'172.17.17.{}'.format(i) for i in range(extension)
    ]
    default_addresses.extend(extension_addresses)
    return default_addresses

Note that in the example above, the extension argument is no longer a key-value and we will always need to pass a value when executing this function:

$ sudo salt 'minion1' ixp_interfaces.addresses 20
# Output omitted: a list of 120 IP Addresses

In a similar way, we can reuse the code from ip_addresses.generate in other subsystems, such as Beacons, Engines, Runners, or Pillars etc.

Another bonus of doing this is that you can control easier various parameters. For example, in the way we designed the generate function, it returns IP addresses from the 10.10.10.0 network; let’s suppose that at some point we decide to generate addresses from the 172.17.19.0 network, we only have a single place to make the adjustment. Moving forward, if this is very likely to change frequently we can move the base into another key-value argument, or in a configuration option:

  • IP Network as kwarg:

/etc/salt/_modules/ip_addresses.py

def generate(base='10.10.10', length=5):
    return [
        '{base}.{i}'.format(base=base, i=i) for i in range(length)
    ]
  • IP Network as config option:

/etc/salt/_modules/ip_addresses.py

def generate(length=5);
base = __opts__.get('ip_addresses_base', '10.10.10')
return [
'{base}.{i}'.format(base=base, i=i) for i in range(length)
]

In the second approach, the __opts__ dunder is the dictionary having the Minion configuration options (read from the configuration file – /etc/salt/minion for regular Minions, or /etc/salt/proxy for Proxy Minions), merged with the Pillar and Grains data. To propagate a change in your system - as described above, would only imply adjusting the (Proxy) Minion config file, e.g.,:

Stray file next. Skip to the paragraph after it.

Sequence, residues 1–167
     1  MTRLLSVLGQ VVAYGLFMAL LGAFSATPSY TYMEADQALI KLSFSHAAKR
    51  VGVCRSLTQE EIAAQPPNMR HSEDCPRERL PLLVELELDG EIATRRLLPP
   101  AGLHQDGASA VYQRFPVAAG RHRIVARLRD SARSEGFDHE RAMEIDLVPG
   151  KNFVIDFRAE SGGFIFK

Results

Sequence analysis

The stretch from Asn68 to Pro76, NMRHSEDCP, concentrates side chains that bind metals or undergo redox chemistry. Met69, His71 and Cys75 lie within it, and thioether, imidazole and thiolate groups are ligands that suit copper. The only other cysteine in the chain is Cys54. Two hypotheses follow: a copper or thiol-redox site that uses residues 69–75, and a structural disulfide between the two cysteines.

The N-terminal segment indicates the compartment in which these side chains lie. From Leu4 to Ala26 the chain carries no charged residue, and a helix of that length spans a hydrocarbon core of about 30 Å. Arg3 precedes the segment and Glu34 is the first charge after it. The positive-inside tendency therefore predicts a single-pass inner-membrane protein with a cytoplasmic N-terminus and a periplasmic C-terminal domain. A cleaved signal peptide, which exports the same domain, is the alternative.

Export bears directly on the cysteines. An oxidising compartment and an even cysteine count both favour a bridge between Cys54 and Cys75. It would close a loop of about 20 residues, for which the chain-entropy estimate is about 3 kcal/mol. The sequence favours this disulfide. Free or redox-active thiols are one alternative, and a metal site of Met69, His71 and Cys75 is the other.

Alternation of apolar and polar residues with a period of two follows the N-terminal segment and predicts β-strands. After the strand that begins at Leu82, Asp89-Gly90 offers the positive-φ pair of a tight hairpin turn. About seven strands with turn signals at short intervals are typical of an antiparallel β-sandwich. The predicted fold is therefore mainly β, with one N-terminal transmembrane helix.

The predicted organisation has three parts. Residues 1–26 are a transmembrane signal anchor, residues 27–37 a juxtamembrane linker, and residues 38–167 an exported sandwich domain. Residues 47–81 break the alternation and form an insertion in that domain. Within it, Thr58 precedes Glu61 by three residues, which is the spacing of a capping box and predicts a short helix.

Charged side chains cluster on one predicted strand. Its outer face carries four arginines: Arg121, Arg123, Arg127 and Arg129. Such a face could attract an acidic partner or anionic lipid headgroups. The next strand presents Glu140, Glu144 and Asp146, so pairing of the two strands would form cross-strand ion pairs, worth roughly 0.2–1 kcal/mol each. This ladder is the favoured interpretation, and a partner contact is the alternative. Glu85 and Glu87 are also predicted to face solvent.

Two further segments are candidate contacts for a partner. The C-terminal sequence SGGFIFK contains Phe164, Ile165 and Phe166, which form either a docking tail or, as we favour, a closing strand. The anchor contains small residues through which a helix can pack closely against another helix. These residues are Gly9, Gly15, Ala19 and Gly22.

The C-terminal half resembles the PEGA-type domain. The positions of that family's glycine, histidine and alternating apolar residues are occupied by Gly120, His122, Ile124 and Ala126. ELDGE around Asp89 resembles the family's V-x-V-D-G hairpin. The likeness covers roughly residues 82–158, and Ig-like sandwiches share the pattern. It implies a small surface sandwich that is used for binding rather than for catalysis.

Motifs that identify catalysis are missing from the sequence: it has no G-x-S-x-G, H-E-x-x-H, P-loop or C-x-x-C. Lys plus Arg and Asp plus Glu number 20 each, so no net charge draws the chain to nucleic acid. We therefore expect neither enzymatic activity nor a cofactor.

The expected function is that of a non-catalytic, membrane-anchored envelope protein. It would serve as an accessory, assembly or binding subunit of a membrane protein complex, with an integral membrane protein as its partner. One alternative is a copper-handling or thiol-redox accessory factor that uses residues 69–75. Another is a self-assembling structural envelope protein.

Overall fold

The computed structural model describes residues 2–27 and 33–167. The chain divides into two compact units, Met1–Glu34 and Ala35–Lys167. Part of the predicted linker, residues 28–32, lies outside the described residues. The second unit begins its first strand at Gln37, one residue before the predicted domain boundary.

/etc/salt/minion (excerpt)

ip_addresses_base: 192.168.1
Note

Before defining your own configuration option, check that it’s not already defined, to avoid eventual conflicts: configuring the Salt Minion.

Conclusions

As always in Salt there is no “best rule”: Salt is very flexible and your environment dictates what makes the most sense to you. Not only that Salt exposes to you the power of Python, but it also behaves like Python from this perspective and provides you the means to tackle any problem in several ways; there are no hard constraints. This is why you always must evaluate and decide what approach is the most suitable for you.

My recommendation is to try to move the complexity into the Execution Modules. Yes, write many extension modules in your own environment (and it would also be very nice for the community to open source what is not heavily tied to your business logic). Simplify your complex Jinja templates by using execution functions. Write many helpers for your team. Keep the SLS files extremely simple. When an SLS (or a logical section of an SLS), or a template is longer than 5-10 lines, you should start asking questions and find ways to optimize and make your code more reusable. Though, when you cannot break the complexity apart, or it doesn’t necessarily make sense to be moved elsewhere, you are again covered, and you can avoid complex YAML/Jinja by leveraging the power of the regular Python Renderer (as an aside, it is my favourite interface).